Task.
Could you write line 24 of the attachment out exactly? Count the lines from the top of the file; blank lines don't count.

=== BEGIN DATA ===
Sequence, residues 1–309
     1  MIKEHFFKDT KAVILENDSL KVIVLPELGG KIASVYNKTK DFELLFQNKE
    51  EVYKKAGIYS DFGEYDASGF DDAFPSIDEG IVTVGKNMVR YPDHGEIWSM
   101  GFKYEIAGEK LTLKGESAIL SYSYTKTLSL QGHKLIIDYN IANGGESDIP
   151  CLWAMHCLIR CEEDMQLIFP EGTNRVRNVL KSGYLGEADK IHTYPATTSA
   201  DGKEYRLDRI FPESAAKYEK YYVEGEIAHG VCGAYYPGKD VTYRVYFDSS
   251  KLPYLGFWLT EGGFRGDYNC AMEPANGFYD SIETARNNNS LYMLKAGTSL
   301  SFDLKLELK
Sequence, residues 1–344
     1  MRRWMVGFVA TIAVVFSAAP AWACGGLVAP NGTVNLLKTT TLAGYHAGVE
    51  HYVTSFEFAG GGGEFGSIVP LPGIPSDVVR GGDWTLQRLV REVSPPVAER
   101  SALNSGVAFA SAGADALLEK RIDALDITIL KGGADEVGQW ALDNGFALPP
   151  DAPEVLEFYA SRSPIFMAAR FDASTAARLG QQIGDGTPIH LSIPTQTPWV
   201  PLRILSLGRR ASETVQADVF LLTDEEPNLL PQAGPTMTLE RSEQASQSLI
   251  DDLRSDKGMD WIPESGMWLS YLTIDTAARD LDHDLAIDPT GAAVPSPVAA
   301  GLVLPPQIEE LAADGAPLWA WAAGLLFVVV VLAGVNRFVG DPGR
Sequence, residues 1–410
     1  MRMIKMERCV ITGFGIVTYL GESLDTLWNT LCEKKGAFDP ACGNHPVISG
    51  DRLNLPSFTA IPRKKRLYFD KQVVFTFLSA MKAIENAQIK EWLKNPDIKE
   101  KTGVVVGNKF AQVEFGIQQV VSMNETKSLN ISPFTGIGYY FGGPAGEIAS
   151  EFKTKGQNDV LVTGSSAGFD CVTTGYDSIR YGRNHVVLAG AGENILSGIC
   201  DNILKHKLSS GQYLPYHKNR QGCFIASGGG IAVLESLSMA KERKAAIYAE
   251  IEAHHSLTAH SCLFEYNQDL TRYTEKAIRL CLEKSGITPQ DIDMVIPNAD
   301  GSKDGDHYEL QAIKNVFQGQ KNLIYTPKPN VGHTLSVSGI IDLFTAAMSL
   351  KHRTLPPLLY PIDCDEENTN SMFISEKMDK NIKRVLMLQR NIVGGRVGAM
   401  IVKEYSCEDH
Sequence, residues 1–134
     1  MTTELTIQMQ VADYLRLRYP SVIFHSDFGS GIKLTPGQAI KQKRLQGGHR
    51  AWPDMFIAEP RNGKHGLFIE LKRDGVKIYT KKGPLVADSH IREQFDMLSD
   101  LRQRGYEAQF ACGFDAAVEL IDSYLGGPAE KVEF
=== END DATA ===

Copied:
   301  GSKDGDHYEL QAIKNVFQGQ KNLIYTPKPN VGHTLSVSGI IDLFTAAMSL